Some options to lighten it such as putting it through a Brita filter or even freezing and then filtering through a muslin cloth. Over time this could reduce the flavour, I would personally leave it as the colour it is. (Why bother if it won’t change the taste?)
Homemade Gin Recipes
If you want to test making your own gin with different botanicals, it can be confusing on what botanicals to use. To help you get started, you can see some really good recipes below to help you make some really tasty homemade gin.
Gin Recipe One: Spiced Gin
Gin Recipe Two: Spiced Citrus
Gin Recipe Three: Citrus Gin
Gin Recipe Four: Winter Gin
Making Gin - Conclusion
I really hope that this guide on how to make gin has been useful and also inspired you to make your own. I love trying different gins and experimenting with different flavours, this simple method allows me to do just that.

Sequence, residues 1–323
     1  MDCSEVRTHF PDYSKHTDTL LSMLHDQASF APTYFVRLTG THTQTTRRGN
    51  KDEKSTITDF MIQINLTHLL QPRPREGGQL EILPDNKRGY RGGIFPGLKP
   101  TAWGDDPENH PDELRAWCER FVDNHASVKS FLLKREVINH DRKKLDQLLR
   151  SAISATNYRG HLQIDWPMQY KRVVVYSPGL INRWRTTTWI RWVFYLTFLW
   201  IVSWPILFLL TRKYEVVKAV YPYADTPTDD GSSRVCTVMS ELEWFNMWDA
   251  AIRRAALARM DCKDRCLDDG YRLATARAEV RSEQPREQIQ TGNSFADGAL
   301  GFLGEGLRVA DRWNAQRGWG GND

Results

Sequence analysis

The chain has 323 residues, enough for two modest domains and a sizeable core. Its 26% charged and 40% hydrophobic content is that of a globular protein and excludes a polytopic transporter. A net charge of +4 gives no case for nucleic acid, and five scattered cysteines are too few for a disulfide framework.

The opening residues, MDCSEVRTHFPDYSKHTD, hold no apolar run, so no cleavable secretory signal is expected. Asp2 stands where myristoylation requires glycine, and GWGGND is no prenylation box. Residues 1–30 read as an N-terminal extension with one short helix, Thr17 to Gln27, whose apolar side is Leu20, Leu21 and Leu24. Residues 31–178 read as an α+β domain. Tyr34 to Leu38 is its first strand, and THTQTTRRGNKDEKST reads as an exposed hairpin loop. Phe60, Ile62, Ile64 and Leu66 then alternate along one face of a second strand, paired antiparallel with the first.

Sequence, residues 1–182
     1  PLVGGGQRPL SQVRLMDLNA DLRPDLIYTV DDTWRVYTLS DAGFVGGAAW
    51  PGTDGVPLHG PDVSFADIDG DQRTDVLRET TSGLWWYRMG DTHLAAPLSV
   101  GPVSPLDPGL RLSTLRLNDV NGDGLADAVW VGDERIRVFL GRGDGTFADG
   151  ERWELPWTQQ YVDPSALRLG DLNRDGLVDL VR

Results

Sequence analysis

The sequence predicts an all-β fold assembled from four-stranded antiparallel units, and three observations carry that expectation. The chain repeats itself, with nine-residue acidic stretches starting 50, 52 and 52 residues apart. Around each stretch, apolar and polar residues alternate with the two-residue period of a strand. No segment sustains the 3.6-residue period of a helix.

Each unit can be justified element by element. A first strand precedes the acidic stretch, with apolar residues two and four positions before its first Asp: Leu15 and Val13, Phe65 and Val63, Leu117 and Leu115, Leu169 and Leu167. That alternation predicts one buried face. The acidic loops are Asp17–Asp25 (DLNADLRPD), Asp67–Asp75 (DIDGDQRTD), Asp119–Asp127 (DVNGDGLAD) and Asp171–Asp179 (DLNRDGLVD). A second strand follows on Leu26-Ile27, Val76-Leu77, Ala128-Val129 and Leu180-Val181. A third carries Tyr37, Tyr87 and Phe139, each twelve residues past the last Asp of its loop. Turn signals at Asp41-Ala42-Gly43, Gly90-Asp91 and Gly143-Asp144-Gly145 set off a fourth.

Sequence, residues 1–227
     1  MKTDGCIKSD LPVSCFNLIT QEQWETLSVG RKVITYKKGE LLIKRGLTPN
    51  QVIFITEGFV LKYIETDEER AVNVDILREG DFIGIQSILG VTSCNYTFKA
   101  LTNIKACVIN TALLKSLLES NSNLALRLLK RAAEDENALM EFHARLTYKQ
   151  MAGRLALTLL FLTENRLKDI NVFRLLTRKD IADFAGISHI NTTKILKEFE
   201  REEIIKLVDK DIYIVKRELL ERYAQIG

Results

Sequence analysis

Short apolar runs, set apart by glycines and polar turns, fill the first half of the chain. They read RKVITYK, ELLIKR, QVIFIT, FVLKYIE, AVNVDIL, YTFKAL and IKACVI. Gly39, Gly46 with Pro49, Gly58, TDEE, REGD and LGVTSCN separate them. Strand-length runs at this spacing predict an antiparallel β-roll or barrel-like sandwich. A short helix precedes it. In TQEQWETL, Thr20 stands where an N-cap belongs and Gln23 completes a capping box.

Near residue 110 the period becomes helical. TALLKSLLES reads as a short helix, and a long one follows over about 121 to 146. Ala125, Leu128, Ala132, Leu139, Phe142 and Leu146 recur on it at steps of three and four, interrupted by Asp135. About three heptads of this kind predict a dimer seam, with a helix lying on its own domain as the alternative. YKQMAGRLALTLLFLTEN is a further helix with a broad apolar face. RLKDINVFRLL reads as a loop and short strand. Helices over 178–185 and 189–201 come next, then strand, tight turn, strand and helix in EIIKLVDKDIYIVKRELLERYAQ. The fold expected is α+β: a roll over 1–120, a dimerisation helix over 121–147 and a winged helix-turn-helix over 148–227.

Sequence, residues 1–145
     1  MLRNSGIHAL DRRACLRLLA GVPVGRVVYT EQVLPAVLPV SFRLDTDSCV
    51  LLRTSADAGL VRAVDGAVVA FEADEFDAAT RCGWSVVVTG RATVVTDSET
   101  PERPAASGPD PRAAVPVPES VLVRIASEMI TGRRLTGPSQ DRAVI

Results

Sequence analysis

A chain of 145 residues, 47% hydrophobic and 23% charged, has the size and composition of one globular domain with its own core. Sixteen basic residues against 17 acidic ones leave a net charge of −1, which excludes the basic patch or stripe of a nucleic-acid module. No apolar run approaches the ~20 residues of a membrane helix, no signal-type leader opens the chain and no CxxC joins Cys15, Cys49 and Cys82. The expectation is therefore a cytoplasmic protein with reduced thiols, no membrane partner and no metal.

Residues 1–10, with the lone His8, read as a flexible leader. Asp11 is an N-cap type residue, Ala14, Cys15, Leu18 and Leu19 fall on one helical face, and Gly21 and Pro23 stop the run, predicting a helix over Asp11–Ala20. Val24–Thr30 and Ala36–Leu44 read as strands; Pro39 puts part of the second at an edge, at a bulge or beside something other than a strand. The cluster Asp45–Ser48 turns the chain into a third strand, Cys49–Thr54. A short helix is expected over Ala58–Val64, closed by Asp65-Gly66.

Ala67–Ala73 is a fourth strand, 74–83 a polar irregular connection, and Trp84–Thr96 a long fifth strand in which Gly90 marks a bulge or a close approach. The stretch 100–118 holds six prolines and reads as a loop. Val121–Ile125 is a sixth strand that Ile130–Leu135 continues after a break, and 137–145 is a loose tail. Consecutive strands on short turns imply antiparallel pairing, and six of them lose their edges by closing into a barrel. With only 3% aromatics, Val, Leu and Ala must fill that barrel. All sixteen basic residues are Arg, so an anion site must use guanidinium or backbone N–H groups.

Once you have tried making some homemade gin, please do comment below to let me know how you got on. If you do have any questions, feel free to ask in the comments, I’ll be more than happy to answer anything.
Hi, my name is Martyn and I consider myself an Amateur Chef. I love everything about food and this was the main reason I started this blog, to showcase that passion. I started this blog in 2014 with an aim to showcase tasty recipes, restuarant reviews and useful cooking tips and tricks.
Even though I do consider myself an Amateur, I have continued to develop my skills in the kitchen. I am self taught but I do also take part in a number of cooking courses to help learn something new.
Live To Eat, Don’t Eat To Live